In Vietnam, Religious Freedoms Violated, UN Finds

Beliefs reportedly prompt heavy surveillance, intimidation and travel restrictions More

Featured Videos

Your JavaScript is turned off or you have an old version of Adobe's Flash Player. Get the latest Flash player.
Gazans in Shelled School Sought Shelteri
X
Scott Bobb
July 30, 2014 8:16 PM
Israel's air and ground assault against Hamas-led fighters in Gaza has forced many Palestinians to flee their homes, seeking safety. But safe places are hard to find, as VOA’s Scott Bobb reports from Jabaliya.
Video

Video Gazans in Shelled School Sought Shelter

Israel's air and ground assault against Hamas-led fighters in Gaza has forced many Palestinians to flee their homes, seeking safety. But safe places are hard to find, as VOA’s Scott Bobb reports from Jabaliya.
Video

Video Rapid Spread of Ebola in West Africa Prompts Global Alert

Across West Africa, health officials are struggling to keep up with what the World Health Organization describes as the worst ebola outbreak on record. The virus has killed hundreds of people this year. U.S. President Barack Obama and other world leaders are watching the developments closely as they weigh what actions, if any, are needed to help contain the disease.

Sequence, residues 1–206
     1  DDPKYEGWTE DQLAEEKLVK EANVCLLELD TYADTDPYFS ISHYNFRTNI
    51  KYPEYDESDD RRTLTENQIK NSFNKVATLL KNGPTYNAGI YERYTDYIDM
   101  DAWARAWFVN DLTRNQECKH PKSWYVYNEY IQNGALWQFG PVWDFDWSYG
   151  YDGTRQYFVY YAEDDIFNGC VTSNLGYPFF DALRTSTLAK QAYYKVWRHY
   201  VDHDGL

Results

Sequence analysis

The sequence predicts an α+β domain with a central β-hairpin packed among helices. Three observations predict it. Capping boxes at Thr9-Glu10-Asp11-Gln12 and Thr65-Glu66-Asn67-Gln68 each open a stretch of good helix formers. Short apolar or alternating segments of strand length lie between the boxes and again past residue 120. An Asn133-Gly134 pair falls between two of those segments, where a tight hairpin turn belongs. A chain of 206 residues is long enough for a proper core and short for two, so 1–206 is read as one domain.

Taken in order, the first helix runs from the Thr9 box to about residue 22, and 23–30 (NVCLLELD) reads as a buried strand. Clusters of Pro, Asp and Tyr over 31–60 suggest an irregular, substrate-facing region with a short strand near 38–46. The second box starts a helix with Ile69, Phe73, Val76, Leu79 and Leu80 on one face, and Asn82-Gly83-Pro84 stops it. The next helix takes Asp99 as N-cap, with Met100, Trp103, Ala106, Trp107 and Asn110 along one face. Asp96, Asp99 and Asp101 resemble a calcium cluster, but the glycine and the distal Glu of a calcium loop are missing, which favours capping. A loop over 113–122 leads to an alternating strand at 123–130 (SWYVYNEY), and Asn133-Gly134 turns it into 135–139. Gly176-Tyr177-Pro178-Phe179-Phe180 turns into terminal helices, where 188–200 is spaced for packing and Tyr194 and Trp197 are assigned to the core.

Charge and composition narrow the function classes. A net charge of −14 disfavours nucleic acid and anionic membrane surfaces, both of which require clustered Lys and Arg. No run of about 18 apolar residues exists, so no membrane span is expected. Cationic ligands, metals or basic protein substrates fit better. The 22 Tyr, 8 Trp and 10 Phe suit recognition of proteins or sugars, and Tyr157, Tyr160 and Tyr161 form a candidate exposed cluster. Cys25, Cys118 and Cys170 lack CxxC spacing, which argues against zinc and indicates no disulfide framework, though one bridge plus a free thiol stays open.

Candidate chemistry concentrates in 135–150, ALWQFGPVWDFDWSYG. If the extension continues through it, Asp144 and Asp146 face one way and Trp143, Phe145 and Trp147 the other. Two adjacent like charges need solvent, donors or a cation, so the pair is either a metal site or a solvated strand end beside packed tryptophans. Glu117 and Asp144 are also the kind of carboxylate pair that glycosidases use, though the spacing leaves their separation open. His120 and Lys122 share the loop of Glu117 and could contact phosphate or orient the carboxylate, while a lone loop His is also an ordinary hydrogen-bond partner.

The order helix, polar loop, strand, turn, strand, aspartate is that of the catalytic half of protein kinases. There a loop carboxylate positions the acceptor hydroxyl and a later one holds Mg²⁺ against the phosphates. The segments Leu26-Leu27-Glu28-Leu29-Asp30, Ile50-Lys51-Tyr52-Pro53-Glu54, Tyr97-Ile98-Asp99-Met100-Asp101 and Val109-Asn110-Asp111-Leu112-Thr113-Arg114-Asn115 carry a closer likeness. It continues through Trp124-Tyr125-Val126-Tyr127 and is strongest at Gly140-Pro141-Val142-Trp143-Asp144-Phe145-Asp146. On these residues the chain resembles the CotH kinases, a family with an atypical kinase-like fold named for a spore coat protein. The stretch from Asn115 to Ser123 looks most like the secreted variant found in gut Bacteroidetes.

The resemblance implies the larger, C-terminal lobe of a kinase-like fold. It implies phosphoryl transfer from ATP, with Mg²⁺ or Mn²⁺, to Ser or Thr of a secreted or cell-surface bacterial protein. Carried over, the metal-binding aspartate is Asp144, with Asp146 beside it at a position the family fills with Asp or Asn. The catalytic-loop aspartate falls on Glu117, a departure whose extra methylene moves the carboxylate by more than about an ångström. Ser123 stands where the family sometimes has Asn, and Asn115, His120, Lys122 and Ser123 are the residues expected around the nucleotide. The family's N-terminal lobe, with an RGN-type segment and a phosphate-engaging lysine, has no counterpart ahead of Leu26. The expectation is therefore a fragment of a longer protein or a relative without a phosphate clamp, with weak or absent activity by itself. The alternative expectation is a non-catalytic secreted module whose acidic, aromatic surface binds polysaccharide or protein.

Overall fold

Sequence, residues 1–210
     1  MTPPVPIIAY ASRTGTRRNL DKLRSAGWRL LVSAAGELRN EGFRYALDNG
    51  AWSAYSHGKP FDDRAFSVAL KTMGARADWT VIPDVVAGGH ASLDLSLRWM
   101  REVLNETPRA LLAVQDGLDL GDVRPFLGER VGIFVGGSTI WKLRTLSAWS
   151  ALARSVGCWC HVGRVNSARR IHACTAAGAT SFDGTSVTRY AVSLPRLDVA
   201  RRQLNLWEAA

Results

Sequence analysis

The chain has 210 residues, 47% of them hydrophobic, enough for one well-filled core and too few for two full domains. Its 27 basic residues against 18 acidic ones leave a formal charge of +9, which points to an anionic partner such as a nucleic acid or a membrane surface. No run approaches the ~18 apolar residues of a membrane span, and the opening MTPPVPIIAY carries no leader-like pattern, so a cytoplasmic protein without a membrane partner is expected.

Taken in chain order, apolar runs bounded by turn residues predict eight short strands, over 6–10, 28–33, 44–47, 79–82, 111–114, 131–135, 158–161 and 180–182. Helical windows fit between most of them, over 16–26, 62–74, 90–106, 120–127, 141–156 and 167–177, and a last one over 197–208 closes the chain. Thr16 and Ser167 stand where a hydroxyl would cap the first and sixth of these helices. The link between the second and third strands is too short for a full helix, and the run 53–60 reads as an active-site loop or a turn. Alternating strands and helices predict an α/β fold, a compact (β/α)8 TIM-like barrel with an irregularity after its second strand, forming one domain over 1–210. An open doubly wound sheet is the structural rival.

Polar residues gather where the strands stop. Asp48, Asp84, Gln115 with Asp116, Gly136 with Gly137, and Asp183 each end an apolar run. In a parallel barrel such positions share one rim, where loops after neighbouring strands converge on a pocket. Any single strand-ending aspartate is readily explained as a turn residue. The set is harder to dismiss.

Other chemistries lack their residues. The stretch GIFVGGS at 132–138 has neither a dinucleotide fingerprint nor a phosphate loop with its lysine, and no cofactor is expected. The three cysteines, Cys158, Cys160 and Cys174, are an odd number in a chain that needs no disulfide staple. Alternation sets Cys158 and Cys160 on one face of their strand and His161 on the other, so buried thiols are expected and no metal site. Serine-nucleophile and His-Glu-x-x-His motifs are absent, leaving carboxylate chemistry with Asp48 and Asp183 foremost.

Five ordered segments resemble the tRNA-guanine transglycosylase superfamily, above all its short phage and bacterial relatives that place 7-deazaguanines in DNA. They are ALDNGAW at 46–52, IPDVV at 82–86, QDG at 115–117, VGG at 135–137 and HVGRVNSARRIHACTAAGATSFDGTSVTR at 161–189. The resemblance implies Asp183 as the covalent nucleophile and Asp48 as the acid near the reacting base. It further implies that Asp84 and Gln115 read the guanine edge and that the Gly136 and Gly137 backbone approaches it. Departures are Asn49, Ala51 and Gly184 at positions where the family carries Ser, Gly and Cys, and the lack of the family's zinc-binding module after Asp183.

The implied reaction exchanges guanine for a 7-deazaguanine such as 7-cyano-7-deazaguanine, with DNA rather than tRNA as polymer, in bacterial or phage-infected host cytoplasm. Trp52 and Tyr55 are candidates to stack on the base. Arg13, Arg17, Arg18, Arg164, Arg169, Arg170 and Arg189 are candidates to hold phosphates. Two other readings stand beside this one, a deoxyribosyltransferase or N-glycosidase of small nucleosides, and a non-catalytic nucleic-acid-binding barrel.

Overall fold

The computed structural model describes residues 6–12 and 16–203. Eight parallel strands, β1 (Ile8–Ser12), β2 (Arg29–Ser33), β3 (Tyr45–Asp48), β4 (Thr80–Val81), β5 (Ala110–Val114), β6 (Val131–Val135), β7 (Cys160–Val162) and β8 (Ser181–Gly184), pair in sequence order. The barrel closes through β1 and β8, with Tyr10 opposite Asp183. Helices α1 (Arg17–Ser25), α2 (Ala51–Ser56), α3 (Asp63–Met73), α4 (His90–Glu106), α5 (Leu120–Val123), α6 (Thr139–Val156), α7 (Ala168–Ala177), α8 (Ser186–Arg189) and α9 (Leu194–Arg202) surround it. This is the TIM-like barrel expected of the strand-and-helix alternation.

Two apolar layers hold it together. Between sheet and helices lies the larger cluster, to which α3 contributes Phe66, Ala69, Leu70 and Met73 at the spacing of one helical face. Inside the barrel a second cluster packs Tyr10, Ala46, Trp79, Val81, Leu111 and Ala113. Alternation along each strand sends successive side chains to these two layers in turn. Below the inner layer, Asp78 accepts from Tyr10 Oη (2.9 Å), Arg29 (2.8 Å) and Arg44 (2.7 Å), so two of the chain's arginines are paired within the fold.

Video

Video Michelle Obama: Young Africans Need to Embrace Women's Rights

U.S. first lady Michelle Obama urged some of Africa's best and brightest to advocate for women's rights in their home countries. As VOA's Pam Dockins explains, Obama spoke to some 500 participants of the Young African Leaders Initiative, a six-week U.S.-based training and development program.
Video

Video Immigrant Influx on Texas Border Heats Up Political Debate

Immigrants from Central America continue to cross the U.S.-Mexico border in south Texas, seeking asylum in the United States, as officials grapple with ways to deal with the problem and provide shelter for thousands of minors among the illegal border crossers. As VOA's Greg Flakus reports from Houston, the issue is complicated by internal U.S. politics and U.S. relations with the troubled nations that immigrants are fleeing.
Video

Video Study: Latino Students Most Segregated in California